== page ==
According to Mike Bresnahan of the Los Angeles Times, the current asking price is too steep, and the Suns aren't willing to give L.A. everything it's looking for.
"Phoenix could own four picks in the June draft," he writes, "And the Lakers coveted one of the more valuable two—the pick the Suns could potentially get from Minnesota or the one they might receive from Washington."
Of course they do. Both of those picks are likely to be more valuable than either the Suns' own selection or the one the rising organization will receive from the Indiana Pacers.
So far, it's been too much, but ESPN Los Angeles' Ramona Shelburne reports that the trade talks aren't just going to go away. The Lakers apparently believe that a compromise could be reached, though there's no telling which side will be doing the caving.
Should it happen?
It depends on which side you're analyzing the situation from, as the trade makes far more sense for one organization than it does the other. When you weigh the pros and cons, at least.
Sometimes a change is necessary.
Gasol has done a fantastic job during his time wearing purple-and-gold uniforms, but he's outstayed his welcome in the Staples Center. The subject of seemingly constant trade rumors throughout the year, the Spanish big man has had everything questioned.
Is he still as effective? Does he care? Does he feel like trying? Is he whining?
You name the question, and it's probably been asked. So long as it's negatively spun, of course.
But above all else, Gasol hasn't been able to lead L.A. on to a winning record. The 33-year-old big man has averaged 17.0 points, 10.2 rebounds and 3.4 assists per game while shooting 46.9 percent from the field, but the Lake Show is still only 16-32 after falling to the Minnesota Timberwolves on Feb. 4.
That technically doesn't leave them at the bottom of the Western Conference, but they're pretty darn close. Only tiebreakers have them listed ahead of the Utah Jazz and Sacramento Kings, both of whom boast an identical record to the former power of the conference.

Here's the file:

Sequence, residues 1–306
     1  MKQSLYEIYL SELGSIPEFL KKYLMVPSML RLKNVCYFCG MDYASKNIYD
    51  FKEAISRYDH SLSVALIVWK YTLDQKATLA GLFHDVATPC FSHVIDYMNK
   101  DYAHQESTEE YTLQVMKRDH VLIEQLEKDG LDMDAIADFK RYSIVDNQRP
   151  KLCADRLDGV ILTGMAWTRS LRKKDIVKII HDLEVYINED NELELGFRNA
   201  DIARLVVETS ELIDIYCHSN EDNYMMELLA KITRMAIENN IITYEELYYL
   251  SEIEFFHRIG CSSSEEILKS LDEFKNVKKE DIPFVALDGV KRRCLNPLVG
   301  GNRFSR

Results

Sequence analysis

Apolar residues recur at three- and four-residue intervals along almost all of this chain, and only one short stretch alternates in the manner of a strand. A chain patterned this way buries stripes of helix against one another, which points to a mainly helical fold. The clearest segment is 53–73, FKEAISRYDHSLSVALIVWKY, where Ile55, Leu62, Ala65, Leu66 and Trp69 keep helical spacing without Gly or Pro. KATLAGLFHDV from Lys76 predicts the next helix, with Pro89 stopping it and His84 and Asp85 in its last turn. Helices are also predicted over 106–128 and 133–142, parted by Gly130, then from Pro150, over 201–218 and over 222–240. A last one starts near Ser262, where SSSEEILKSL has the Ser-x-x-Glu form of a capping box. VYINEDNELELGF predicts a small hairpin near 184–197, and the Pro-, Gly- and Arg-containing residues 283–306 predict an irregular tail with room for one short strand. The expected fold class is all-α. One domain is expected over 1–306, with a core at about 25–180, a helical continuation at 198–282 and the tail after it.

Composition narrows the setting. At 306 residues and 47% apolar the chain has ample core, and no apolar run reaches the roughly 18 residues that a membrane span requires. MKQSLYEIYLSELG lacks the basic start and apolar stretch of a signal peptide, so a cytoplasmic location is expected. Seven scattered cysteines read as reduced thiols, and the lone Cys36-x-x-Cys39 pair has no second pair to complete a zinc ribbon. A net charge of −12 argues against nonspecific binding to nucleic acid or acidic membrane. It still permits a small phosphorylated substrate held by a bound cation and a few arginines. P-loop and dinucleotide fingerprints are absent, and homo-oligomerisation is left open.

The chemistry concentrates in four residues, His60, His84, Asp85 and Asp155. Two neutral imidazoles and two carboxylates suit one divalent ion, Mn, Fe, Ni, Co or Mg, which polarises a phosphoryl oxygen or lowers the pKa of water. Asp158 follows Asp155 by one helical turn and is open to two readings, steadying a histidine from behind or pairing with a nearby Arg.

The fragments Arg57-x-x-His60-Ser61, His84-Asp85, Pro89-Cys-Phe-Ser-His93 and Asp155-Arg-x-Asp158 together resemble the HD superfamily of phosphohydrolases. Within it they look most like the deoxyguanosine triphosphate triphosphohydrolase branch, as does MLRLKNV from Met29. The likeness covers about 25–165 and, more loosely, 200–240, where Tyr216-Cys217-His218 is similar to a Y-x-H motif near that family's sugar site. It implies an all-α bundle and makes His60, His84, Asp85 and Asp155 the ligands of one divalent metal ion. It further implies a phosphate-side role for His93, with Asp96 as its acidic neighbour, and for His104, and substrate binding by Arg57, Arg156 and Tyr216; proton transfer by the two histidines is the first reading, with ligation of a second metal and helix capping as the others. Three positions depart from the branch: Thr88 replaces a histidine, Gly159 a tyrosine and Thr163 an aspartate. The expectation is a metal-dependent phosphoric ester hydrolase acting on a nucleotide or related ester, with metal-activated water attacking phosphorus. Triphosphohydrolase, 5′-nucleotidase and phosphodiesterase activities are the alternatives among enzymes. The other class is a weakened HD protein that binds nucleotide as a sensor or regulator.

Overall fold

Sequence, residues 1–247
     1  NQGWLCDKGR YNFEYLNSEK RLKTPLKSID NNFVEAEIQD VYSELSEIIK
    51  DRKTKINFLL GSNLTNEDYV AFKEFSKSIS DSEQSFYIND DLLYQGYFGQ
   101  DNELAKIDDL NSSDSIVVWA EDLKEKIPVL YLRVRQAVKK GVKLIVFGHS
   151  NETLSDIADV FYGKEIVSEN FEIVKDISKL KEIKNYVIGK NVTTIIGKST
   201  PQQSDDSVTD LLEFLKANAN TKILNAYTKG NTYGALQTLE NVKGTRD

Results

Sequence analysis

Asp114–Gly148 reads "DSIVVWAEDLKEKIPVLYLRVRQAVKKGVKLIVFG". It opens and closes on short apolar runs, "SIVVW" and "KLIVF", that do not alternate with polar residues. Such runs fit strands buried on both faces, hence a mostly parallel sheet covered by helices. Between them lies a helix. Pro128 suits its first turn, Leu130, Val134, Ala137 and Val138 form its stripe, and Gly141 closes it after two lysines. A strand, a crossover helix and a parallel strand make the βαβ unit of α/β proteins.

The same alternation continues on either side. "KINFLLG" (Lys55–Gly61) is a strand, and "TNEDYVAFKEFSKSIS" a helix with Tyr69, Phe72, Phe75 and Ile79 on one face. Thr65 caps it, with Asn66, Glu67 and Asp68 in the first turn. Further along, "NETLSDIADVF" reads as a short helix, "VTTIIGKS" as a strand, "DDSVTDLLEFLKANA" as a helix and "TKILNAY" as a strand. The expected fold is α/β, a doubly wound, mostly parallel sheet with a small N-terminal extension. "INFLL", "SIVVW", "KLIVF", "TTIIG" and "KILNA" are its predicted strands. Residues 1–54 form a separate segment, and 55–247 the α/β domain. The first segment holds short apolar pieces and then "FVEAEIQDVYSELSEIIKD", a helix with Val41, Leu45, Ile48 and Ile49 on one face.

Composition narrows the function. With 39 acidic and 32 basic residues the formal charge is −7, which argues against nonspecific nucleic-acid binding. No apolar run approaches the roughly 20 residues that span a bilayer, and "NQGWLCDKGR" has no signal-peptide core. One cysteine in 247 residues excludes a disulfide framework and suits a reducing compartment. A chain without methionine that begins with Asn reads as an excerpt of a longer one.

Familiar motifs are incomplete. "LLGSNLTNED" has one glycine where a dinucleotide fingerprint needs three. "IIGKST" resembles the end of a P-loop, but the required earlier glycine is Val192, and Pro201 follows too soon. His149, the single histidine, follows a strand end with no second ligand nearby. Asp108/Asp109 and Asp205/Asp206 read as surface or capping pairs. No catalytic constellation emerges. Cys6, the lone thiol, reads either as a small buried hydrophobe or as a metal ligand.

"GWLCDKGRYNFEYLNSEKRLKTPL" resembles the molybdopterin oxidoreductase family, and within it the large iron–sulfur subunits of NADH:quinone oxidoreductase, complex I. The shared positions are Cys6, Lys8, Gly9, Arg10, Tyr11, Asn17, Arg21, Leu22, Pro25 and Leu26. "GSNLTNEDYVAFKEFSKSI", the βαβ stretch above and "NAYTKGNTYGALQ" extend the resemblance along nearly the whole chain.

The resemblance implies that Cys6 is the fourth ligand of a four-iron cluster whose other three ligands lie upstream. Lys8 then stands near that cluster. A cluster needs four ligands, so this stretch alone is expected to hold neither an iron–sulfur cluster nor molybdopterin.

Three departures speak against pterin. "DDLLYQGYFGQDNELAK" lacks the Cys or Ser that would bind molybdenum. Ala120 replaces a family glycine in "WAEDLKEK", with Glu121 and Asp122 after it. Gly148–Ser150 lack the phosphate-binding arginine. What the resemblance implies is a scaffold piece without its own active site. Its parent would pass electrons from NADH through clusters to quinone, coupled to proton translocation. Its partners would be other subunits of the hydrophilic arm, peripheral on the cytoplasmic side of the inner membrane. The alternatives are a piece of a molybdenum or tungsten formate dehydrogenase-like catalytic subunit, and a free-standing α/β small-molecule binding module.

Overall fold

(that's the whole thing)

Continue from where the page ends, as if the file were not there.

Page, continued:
As ESPN's Dave McMenamin reported on Twitter, Kobe Bryant claimed that Gasol had a tantrum in the locker room after a loss to the Orlando Magic. "That was the most irritated I've seen Pau in a long, long time," the Mamba said, per Mike Bresnahan of the Los Angeles Times.
That was on Jan. 26, and things have only gotten worse. Now that an injury is keeping him out for the next few weeks, it's tough to imagine Gasol's stock with the Lakers sinking any lower.
It's time to bail.
On the Lakers, Gasol is the unquestioned No. 1 option on offense.
Even though his skills are declining, he's the best player on the Lake Show so long as Kobe is out and waiting for his knee fracture to fully heal. Scoring 17 points per game, he's slightly behind Nick Young for the lead in that category, but he's the one who starts the game on the court.
Additionally, Gasol gets to control the ball more often. Though "Swaggy P" boasts an identical usage rate of 26.4, per Basketball-Reference, the Spaniard's assist percentage pushes him over the top in terms of involvement.
That wouldn't be the case on the Phoenix Suns.
Perhaps it's because they don't have an established post player, but the Suns run things through their ball-dominant guards. Goran Dragic is in constant control, and the backcourt will become even more possession heavy if Eric Bledsoe beats his expected timetable and returns during this 2013-14 campaign.
Jeff Hornacek's squad already has a solid offensive scheme, after all.
It's scoring 109.3 points per 100 possessions, which leaves it as the eighth-best offensive squad in the Association. Adding in Gasol would enhance the offense, but it would come at the expense of his touches.
While he'd certainly be fed the ball in the post and on the elbows, he'd be a supplement to what is already working. Not too much would need to change, and Gasol would be left scrambling for the touches he's accustomed to receiving in the Staples Center.
According to Synergy Sports (subscription required), the Suns have scored 0.84 points per possession when running plays out of the post. That allows them to check in at No. 16 in the category, which isn't too shabby.
However, it's not like Phoenix goes to the post often.
Only 11 percent of its plays come in that situation, which isn't a lot. The Suns don't exactly have a go-to player in the post, as their forwards—Markieff Morris, Marcus Morris and Channing Frye—are all more comfortable on the perimeter. Additionally, Miles Plumlee isn't much of a scorer, especially when his back is to the basket.
Gasol would change that.
Synergy shows that the 7-footer is scoring 0.83 points per possession, which is admittedly below the Phoenix average. However, he's much more of a go-to player than anyone else on the roster, as he uses 39.7 percent of his possessions from that situation.